Boat Trip: Nothing But Flowers


The project explored and represented the margins of the Manchester Ship Canal. The area is rich in layered history and contemporary identities. While undergoing regeneration it retains evidence of its former lives and accommodates diverse communities of people who live, work and play there.

The bank and immediate environs were explored on foot, by boat and by flying over. Divers were commissioned to look below the water. Working with local people and performing themselves the artists developed narratives around selected sites. People included developers, a former stevedore, a fishery supervisor, a factory worker, CABE and a cafe owner.  Interventions included planting lavender on derelict dockland which was once a garden and having breakfast in a transport cafe. Other material included a clip from A Taste of Honey which was shot on the Trafford Road Bridge and the Talking Heads song (Nothing but) Flowers.

Leisure boat trips are a common way for people to safely explore waterways accompanied by a selective and partially fabricated commentary, so passengers were taken on trips from The Lowry to the Lowry Hotel in the city and back. They could observe the real bank passing outside alongside a video relay of the same view. This was interrupted by incidents which had been recorded on the bank. A live commentary wove the various strands and versions together.

Commissioned by The Lowry supported by Arts Council and Esmee Fairburn Foundation. The publication was additionally funded by Manchester Metropolitan University and University of Central Lancashire.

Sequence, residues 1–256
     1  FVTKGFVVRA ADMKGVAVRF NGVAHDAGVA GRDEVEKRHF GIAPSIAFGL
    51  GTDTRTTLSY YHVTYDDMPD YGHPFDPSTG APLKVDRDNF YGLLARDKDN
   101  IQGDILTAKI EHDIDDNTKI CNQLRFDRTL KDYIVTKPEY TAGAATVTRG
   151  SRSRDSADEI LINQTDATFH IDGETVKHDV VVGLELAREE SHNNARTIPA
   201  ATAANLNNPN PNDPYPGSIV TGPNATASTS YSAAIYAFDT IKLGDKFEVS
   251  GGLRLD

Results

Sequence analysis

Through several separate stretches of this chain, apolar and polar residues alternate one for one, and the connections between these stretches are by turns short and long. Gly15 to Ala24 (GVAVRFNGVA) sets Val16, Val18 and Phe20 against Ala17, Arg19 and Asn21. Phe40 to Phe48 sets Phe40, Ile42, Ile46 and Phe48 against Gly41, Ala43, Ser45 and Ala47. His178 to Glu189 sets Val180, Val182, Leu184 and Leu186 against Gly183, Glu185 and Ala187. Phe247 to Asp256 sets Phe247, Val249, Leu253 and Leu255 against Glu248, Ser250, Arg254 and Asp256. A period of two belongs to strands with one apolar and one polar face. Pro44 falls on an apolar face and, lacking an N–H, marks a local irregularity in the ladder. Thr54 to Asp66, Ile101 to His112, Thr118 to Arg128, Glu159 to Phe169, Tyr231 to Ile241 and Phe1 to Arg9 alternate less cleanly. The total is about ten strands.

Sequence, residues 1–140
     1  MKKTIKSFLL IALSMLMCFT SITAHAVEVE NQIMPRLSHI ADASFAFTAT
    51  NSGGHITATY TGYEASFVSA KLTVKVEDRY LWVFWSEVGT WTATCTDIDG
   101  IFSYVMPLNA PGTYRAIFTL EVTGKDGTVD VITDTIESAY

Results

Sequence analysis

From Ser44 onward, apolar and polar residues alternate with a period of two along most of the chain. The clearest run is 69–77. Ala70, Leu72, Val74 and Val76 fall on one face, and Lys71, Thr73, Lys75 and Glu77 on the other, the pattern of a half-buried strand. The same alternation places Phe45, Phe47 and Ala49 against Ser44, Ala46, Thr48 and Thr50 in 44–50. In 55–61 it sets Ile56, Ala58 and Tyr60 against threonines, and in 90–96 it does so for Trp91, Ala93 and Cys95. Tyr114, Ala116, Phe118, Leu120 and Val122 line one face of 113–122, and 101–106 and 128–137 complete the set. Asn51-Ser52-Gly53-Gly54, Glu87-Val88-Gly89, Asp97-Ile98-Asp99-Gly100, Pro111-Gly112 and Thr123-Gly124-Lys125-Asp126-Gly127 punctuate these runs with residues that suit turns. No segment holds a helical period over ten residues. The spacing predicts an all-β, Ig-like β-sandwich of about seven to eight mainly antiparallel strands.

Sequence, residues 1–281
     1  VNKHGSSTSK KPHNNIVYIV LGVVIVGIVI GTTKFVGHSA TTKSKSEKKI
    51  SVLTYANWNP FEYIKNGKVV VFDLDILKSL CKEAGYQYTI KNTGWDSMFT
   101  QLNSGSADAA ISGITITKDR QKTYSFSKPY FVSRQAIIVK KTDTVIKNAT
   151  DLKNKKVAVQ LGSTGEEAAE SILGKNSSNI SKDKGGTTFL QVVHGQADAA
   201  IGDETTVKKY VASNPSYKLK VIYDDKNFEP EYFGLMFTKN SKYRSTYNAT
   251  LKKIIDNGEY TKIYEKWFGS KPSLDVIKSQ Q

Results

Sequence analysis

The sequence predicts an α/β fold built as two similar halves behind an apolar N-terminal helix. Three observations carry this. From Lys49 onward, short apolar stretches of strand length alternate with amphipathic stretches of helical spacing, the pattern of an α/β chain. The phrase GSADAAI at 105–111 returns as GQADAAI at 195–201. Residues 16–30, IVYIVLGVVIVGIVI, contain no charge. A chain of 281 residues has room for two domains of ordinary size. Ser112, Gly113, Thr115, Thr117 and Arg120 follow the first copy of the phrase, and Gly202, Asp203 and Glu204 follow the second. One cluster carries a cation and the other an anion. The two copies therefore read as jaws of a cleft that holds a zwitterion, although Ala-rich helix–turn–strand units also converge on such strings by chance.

"A snoop into the private life of waterside Manchester which is beautiful, mysterious and murderously tragic. A bit of the past, a lot of the future and a splattering of confusion about the present".

Billy Partridge, Boat Trip Passenger

(Nothing but) Flowers by Talking Heads licensed courtesy EMI Records

From a review of  Arcadia id Est Exhibition by Elisabeth Long in Afterimage 34.6

"In Boat Trip: Nothing But Flowers Tea uses the specific and subjective as a launching point to explore the broader social and environmental implications of the development along the Manchester Ship Canal in England. Ostensibly a document of a boat trip along the canal, the book reaches beyond the simplicity of observation and interweaves a variety of visual perspectives - distant aerial views, detailed underwater close-ups, onshore explorations, historical associations and interviews with locals. An accompanying DVD elegantly juxtaposes personal experience with seemingly more objective, journalistic information. The background is a real-time film of the banks of the canal as seen from the boat, the scenery in a constant flow going in and out of darkness as the boat passes under bridges. But overlaid on this stream of experience are images revealing details of the onshore environment travelling even into the interiors of buildings. A voiceover describes the history of the area, the implications of the surrounding development and the commentary by locals. While the book and the film explore the realms of the personal versus the social, the built environment versus the natural environment and juxtaposes the accessible exterior of a place with the hidden interior significance of it, the authors wrestle with the fictive nature of any such endeavour, recognising the personal biases implicit in every choice made about what to point out on such a tour."

The publication included an introduction by Jim Aulich and commissioned writings by Phil Griffin and Melanie Philips, stories contributed by passengers, images and a DVD documenting the trips. It toured internationally as part of Arcadia id Est curated by Sarah Bodman of UWE.  ISBN 0 9536370 1 8